“I saw a programme on TV one night,” Matt continues, “and they were talking about Psywar, psychological warfare and the influences that governments have had over their populations in order to make them believe they’re having a war for the right reasons, things like that. How they can use mobile phones, they can use the microwaves inside the things to do stuff to us. I thought that was what was happening.”
You thought the government was trying to control your brain through your mobile phone?
“Not necessarily the government but I went through a number of different theories. It got to the point where I was thinking that maybe that’s what real life is like and this is all a dream. Then I thought it was one of the number of phobias I had and then I went to the doctor and he told me to drink more water and that was that.”
But it’s the obedience drugs in the water that they’re using to keep us down, brothers! Ahem, pass the Evian. Cheers.
As Lee ‘Scartch’ Perry would tell you, the eagle of a genius he don’t come a-swoopin’ ‘less madness be his perch, my cauliflowers. And Matt Bellamy is a class-A, top-grade, split personality psycho-bastard top rock nutter in excelsis. A full year of on-the-road mayhem, plus a string of mid-table hits from the half-million-selling debut album, Showbiz, was like feeding the nervy, insecure mogwai Matt of ’99 medicine after midnight and unleashing the slavering, razor-toothed monster Matt. He considers himself to be some kind of mental cyborg-cum-Etch-A-Sketch who can erase all elements of his “bored and frustrated” pre-Muse personality and “download” a brand new one from passing acquaintances. His formative experiences involve throwing newbron baby chicks at a wall (“But only print that if you point out that I was six at the time”) and breaking the neck of wildfowl for 50p a time as a fetching boy on posho pheasant shoots. Onstage he treats his guitar like an escaping burglar and gets the Red Mist at the tiniest technical error. He’s a hardcore Hannibal, Norman Bates with a road crew, ‘’Seven’’ turned up to II.
Rather like the new Muse album as it happens. Furiously trying to gnaw its way out of the traps as we speak, it’s an expansive, explosive knacker-smack of a record that’ll leave the NAM veteran gawping in their exhaust dust, wondering where their eyebrows have gone. Previews of the completed (as yet untitled) tracks display a vista-scraping ambition that takes in a church organ grandeur, twinkly synth experimentation and chunks of rock that makes ‘’Deep Impact’’ look like ‘’Singing In The Rain’’. It’s Muse fulfilling every inch of gushing hype and more and its major thematic concerns are death, rioting, death, metal spikes in your brain, death, the ever circling conundrums of the universe, death, death, and death.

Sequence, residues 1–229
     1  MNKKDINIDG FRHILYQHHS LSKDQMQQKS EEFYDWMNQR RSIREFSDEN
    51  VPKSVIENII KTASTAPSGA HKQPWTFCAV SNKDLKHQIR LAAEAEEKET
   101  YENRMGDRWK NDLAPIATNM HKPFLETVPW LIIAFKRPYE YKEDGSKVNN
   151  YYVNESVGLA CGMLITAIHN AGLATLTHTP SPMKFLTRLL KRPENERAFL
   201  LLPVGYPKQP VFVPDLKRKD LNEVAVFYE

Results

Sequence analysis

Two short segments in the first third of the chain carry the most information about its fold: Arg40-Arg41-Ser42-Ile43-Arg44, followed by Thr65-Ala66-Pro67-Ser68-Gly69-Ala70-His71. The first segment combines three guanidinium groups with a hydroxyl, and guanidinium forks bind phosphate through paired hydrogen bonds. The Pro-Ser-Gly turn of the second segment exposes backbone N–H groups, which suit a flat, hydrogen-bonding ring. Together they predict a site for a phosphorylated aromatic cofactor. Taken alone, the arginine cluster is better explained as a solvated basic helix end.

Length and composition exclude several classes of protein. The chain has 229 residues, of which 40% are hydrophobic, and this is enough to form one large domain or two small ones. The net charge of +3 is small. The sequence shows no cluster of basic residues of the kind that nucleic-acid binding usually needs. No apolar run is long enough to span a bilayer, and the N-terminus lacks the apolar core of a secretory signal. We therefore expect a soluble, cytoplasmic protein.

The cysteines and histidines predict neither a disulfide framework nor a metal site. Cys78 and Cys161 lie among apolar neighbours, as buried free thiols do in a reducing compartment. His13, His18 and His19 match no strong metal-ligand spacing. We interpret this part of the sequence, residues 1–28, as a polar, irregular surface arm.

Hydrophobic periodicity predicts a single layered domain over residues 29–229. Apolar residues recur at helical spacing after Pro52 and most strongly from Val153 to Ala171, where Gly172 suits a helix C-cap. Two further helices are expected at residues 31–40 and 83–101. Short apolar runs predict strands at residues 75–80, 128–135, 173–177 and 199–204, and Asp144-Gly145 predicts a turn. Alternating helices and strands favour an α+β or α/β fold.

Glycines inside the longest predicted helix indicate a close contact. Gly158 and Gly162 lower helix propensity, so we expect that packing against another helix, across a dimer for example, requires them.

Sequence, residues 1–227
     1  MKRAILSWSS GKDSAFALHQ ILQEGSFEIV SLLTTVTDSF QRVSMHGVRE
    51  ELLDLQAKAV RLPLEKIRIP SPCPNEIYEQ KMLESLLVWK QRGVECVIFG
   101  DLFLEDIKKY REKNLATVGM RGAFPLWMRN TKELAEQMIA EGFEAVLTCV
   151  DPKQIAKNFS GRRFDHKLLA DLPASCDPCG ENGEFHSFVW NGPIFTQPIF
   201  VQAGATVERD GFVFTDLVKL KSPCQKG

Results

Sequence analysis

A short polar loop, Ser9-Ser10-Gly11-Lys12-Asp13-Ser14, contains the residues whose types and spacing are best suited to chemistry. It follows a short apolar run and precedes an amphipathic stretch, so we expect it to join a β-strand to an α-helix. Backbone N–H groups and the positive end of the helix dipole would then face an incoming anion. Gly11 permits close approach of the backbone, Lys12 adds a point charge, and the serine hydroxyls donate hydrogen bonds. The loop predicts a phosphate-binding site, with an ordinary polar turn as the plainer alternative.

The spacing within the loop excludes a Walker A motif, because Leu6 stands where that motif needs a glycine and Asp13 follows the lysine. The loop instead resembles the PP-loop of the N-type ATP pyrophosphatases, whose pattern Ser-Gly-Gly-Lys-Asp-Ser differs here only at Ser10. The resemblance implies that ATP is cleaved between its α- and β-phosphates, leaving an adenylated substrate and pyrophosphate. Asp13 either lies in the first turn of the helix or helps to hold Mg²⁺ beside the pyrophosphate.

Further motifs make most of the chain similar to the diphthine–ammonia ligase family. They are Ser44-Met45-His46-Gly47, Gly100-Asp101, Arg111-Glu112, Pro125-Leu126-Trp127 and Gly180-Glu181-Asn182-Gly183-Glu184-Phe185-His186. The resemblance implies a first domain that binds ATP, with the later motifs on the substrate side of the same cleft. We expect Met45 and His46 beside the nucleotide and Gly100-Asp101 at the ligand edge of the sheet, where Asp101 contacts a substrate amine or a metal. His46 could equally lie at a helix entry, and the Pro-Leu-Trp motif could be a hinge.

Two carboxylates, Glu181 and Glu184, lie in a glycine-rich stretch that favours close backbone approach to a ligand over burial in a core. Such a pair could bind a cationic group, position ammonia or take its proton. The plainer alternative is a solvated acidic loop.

“I’ve written a song which I think I’m gonna call the ‘Thoughts Of A Dying Atheist’,” Bellamy announces. “I’m trying to imagine what it would be like to die in that situation, at that last moment, when you truly believe it is the end. I try to conjure up the thoughts that you’d be going through. I can’t find anything I can believe in, and that’s my problem. Any religion I can see the flaws very quickly. Also, even if it’s pure science everything that seems to be coming out of is anti-human. If we really wanted to evolve using science then we’d genetically redesign better creatures that could actually live in space and breathe other atmospheres. And fly. But the thing we were talking about is the death-bed one and it’s like, if that really is the end, you’d want to go back and have to most amoral existence you could ever have. So if that really is the case, why aren’t we all going wild?”
Okaaaay. But before we all strip naked, neck a bucket of heroin and go turkey-fucking in the streets, do you think Muse’s time has come?
Matt laughs: “Hyip-hyip-hyip! I hope not. I’m glad that we didn’t get big straight away. It’d be nice to experience what it was like being in a massive band, the biggest band ever, that’d be cool, but it’d be nicer to have earned it gradually because then you know how to enjoy it. It’s taken me a while to learn how to enjoy this. If it comes along now I’ll know what to do with it. Blow it all, that’s what it’s there for. If I get it, it’ll be for the purpose of burning it.”
Cling on tight because Muse are a star about to go supernova. Turn on, plug in, burn out.